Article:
Branching Stories: Choose Your Own Learning

Perhaps you remember the series of books for kids titled “Choose Your Own Adventure” (if not, and if you have kids, check out these cool adventure stories on Amazon). Branching stories are the adult versions: structured, self-paced, scenario-based learning experiences.

Branching stories are founded on the concept that human beings (of any age) learn better when information is embedded in real-life experiences and the learner gets to choose what to do along the way. The learner also gets to learn from his/her mistakes which, when you think about it, is how all of us have learned the important things in our lives: by making mistakes and learning from them.

In the real-life learning scenarios, the learner must make important decisions and must learn the information necessary in order to be successful in making those decisions.

Branching stories are especially exciting for self-study, asynchronous online courses where a learner moves through the content at his/her own pace.

Here are three excellent resources for branching stories, listed in my order of preference:

guide-sidebar1. Cathy Moore’s Blog. An exceptional author and online trainer, Cathy Moore is by far the best resource for “branching scenarios,” as she calls them. Plus her blog is chock-full of an awesome collection of free training tips. For a taste of what she offers,  watch her humorous short video:Saving the World from Boring Training and sign up for her excellent free ebook.

2. Using Brain Science to Make Training Stick. If you want to see how branching stories are used in a book-format, then I encourage you to explore Part Two, “Choose Your Own Learning,” of my book. You are actively engaged in answering questions, solving training issues, and choosing how to train in specific, real-life situations, even as you’re discovering the six brain science principles that the book is based on. Here is a free article about these principles: Six Trumps: The Brain Science that Makes Training Stick.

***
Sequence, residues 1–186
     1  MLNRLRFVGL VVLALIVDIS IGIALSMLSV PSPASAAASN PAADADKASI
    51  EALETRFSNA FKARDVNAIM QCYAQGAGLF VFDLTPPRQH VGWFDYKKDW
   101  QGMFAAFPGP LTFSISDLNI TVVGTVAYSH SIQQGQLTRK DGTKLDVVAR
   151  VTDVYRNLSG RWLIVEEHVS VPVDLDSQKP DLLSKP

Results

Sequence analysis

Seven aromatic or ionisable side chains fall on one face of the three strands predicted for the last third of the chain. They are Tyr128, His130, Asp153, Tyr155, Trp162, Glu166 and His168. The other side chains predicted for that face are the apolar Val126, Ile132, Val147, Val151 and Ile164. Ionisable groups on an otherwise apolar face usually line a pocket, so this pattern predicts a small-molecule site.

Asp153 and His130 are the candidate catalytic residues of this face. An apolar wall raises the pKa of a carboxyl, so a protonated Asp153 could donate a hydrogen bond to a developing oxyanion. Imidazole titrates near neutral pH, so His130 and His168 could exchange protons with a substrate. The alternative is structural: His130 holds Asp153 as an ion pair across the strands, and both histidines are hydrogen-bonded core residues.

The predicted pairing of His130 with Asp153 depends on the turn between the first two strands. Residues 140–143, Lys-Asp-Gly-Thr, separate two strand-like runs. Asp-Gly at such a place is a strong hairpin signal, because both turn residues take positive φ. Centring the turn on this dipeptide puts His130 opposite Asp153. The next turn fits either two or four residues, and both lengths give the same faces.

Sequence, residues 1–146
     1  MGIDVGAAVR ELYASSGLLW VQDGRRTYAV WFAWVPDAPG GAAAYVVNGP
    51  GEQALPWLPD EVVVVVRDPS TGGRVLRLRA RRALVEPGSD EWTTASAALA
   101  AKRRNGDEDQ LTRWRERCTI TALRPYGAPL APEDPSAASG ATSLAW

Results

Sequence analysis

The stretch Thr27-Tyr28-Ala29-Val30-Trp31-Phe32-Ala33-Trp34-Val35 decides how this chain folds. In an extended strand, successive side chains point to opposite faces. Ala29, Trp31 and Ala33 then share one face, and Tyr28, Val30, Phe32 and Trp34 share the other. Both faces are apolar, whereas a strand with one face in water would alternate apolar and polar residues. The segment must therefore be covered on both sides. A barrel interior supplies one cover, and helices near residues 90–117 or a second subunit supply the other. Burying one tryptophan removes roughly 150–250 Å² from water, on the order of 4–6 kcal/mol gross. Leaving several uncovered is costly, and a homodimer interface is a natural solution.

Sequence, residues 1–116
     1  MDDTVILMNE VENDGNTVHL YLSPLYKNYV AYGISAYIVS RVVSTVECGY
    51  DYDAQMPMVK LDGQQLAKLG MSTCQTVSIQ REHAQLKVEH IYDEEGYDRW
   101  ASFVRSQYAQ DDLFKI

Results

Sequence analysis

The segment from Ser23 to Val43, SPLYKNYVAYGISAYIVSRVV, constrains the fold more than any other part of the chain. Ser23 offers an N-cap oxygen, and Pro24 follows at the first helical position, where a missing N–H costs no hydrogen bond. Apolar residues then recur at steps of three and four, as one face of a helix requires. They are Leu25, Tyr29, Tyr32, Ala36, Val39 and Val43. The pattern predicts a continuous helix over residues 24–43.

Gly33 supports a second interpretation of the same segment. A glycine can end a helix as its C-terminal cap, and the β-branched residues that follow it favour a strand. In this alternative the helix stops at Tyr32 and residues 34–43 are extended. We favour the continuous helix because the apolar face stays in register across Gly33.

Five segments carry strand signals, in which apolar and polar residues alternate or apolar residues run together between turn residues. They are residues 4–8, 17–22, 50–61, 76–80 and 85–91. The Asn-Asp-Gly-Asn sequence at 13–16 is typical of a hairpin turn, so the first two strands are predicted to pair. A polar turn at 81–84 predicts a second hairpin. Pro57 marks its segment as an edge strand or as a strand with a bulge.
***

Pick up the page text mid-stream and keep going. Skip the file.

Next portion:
3. Learning By Doing. In his book, tech-author Clark Aldrich devotes a chapter to computer-based models that are similar to branching stories and programmed learning. More complex and IT-based, the book nevertheless gives a number of high-tech examples of the branching story format.

One last reminder: With branching stories, you learn as much or more from the mistakes you make as you do from the choices you get “right,” and you get immediate feedback every step of the way – kind of like how the real world works, huh?!

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